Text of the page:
How to reduce food waste this holiday season – The Hill

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Story outline

  • For many Americans, the holiday season means preparing and eating more meals.

  • Here are some steps Americans can take to reduce food waste in their own homes this year.

  • These include reusing leftovers, being mindful of cooked parts, and donating untouched items to food banks.

The holiday season is often an excess of hours. This includes spending too much time with family, shopping for too many gifts, and cooking too much.

Americans throw away about a third of the food they buy each year, but whether it’s leftovers from a party or leftover fruitcake, food waste rises between Thanksgiving and New Year’s. tend to increase.

Waste Reduction, Recycling, Composting and Solid Waste Program at Stanford University.

According to the EPA, food makes up about 24% of all municipal solid waste, and the average family of four loses about $1,500 each year to leftover food.

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“I eat more on my days off. [and] we entertain more. So we have new dishes, larger portion sizes to accommodate the number of guests that may or may not arrive. It disrupts our entire routine,” Brian Low said in an interview with Changing America. Roe is a professor in the Department of Agriculture, Environmental and Development Economics at Ohio State University and an economist specializing in food waste.

“We likely don’t want to make too little food while having fun, so we often overprepare items,” he continued.

But there are ways Americans can reduce food waste this holiday season. Doing so not only helps reduce the methane emissions released when food goes to landfills, but it also helps reduce the energy used throughout the food supply he chain. This includes the chemicals and water used in food, as well as the energy spent in labor, processors, transportation hubs and retailers.

For Roe, one of the key ways to reduce food waste is to encourage people to take leftovers and excess food home. “I just encourage people to love leftovers,” he said.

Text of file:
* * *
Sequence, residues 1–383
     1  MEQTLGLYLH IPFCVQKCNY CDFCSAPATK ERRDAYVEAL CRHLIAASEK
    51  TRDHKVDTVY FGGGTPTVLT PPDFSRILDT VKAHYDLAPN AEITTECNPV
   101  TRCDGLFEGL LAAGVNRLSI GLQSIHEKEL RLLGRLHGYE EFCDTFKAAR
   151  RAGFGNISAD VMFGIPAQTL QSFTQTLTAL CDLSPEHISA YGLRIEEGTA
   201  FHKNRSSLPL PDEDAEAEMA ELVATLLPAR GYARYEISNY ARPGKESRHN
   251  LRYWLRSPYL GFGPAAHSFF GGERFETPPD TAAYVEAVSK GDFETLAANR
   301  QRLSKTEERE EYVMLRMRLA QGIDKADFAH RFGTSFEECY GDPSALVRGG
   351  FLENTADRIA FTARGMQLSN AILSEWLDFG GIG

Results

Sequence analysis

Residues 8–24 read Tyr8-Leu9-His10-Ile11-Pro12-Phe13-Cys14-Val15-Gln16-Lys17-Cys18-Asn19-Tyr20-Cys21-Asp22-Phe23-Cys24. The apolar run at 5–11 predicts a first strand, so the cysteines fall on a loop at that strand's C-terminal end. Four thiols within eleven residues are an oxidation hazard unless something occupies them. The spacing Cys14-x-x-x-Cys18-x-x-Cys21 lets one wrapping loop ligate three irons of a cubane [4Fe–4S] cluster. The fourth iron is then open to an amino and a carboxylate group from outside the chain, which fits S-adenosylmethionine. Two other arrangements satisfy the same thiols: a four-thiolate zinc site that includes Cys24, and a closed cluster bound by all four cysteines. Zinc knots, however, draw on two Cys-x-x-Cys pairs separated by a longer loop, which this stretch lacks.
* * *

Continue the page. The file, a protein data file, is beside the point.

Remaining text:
“You can also get into an experimental mode by being more creative with leftovers and thinking of new and exciting things with leftover ingredients or leftovers themselves,” he added.

There are several apps and websites that allow users to plug in ingredients they have on hand and offer new recipes using those ingredients.

“With food prices soaring, if you can get one more meal out of the fridge a night, it’s a win-win,” says Roe.

Incorporating compost into your daily routine can also help. By composting organic matter, consumers can reduce landfill waste and create new resources. However, composting does not address the energy in the food supply he chain used before the consumer purchases the product.

“Composting is a much better approach than putting things in a landfill,” Roe said.

Donating pristine food to food banks, soup kitchens and other charities is also an option. This includes checking the inventory of what’s already in your fridge and cupboards before you go shopping.

Food can travel about 1,500 miles from farm to table, so using locally sourced foods and ingredients for your holiday meals can help reduce your carbon footprint.

Freezing excess food for consumption is another good alternative to throwing it away, but using recyclable or reusable containers when serving food can reduce landfill waste this holiday season. helps reduce the

In the United States, food waste equals 32.6 million cars in greenhouse gas emissions. And while the country has committed to cutting food waste in half by 2030, Roe says more can be done to raise awareness about the problem.

“I think people forget their connection to the environment because they think food is natural. I really forgot,” he said.

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